In my earlier post on shoreland zoning, I mentioned a concept called shoreline restoration. Maybe that deserves a little more explaining. By the way, I’m here to explain the concept, not to preach.
In fact, don’t try shoreline restoration just because it’s good for the environment. Do it if you’d like to increase your privacy, see more birds and wildlife, and catch more fish. (Ald also, by the way, spend less time mowing your lawn.)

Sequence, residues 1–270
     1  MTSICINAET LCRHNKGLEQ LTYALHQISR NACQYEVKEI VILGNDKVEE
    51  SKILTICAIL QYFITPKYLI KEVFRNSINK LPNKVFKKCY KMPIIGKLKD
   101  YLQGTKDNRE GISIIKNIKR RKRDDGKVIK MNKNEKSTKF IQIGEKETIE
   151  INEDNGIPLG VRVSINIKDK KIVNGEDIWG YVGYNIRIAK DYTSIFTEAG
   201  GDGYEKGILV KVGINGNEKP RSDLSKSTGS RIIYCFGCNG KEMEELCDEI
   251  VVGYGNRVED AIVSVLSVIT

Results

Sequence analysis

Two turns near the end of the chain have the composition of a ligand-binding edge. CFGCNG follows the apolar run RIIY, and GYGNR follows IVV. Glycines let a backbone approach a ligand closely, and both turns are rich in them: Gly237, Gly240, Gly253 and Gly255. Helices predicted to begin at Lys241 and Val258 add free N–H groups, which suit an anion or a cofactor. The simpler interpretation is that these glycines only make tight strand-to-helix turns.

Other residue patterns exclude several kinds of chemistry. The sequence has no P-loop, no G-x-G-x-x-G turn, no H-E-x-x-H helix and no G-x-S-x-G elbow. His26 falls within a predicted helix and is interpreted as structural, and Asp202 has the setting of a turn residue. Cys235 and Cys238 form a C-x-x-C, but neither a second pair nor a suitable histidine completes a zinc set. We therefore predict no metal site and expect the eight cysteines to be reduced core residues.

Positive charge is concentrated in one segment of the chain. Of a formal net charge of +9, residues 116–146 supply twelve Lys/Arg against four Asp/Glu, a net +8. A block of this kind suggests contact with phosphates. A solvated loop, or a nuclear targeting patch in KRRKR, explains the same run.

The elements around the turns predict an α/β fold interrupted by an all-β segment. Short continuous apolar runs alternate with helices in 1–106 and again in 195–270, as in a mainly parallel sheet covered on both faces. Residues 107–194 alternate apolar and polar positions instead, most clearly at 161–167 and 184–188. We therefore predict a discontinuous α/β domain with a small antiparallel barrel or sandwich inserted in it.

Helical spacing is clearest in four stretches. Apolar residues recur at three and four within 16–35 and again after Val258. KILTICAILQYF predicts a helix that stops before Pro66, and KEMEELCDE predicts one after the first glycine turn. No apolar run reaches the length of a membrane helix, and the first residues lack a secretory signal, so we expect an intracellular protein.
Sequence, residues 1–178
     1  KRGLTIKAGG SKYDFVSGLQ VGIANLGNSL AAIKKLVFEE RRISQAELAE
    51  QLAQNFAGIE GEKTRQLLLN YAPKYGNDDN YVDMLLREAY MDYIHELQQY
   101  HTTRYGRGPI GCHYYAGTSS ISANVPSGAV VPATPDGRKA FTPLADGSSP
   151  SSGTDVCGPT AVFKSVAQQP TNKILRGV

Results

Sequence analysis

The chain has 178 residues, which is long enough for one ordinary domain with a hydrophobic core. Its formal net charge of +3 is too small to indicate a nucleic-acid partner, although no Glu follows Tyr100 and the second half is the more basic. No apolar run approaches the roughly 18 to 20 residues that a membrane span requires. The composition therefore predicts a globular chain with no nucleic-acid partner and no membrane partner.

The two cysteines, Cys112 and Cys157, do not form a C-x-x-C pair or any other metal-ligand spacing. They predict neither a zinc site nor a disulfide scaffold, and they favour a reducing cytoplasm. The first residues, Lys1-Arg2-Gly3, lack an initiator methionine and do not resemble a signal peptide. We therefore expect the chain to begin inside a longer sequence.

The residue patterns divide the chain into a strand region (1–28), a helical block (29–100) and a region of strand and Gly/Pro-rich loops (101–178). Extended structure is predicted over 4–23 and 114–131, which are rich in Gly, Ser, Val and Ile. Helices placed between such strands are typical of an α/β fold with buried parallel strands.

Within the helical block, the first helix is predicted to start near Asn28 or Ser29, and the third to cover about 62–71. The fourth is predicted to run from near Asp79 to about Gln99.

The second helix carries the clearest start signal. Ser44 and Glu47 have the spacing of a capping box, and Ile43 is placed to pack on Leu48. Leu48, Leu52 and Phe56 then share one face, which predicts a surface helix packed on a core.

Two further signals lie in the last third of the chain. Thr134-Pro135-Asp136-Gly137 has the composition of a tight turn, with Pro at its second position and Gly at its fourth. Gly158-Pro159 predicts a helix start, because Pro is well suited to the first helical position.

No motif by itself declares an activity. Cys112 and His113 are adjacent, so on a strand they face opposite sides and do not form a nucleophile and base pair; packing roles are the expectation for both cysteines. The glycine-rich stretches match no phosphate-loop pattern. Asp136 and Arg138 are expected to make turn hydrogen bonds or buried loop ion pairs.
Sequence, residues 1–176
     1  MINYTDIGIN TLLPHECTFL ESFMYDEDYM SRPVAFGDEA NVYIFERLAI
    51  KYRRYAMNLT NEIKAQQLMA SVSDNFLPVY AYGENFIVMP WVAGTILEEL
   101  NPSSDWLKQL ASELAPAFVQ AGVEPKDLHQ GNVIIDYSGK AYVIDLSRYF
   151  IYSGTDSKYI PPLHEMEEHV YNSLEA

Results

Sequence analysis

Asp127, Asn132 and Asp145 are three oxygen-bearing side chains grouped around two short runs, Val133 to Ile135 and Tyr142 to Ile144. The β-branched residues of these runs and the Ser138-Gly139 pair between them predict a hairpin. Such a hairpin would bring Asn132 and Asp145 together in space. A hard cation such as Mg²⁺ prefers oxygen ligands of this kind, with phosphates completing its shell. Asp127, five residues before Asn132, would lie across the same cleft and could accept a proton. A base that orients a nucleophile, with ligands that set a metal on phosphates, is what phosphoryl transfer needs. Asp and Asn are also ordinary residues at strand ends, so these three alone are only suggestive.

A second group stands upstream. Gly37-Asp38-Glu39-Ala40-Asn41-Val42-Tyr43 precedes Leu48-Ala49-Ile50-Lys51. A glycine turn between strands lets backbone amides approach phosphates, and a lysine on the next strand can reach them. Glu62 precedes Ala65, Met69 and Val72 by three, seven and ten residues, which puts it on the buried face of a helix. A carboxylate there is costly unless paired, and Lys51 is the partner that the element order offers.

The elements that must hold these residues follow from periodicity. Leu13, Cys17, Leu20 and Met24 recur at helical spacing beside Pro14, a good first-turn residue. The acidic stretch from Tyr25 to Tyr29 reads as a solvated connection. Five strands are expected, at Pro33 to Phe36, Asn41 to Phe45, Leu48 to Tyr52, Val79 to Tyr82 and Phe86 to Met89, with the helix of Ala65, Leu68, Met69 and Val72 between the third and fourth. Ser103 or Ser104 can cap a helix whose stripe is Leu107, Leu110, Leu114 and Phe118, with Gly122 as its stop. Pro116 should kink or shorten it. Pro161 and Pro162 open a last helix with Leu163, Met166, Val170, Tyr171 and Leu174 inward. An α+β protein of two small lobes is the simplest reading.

In fact, if your perfectly manicured lawn extends all the way to the water’s edge, the easiest way to get started with shoreline restoration is to simply stop mowing that area. A more active approach, however, might involve the planting of new trees and native plants. that can take some planning, site preparation, and maintenance.
It can also take some expertise; it’s not as simple as a person might think. You’ll want to plant native, non-invasive species that do well on your site. But you’ll also want to choose plants that deer won’t devour the night after you plant them.
For some free tips, and maybe even some plants to get you started, contact the DNR or your local officials. They’ll be glad to help you out.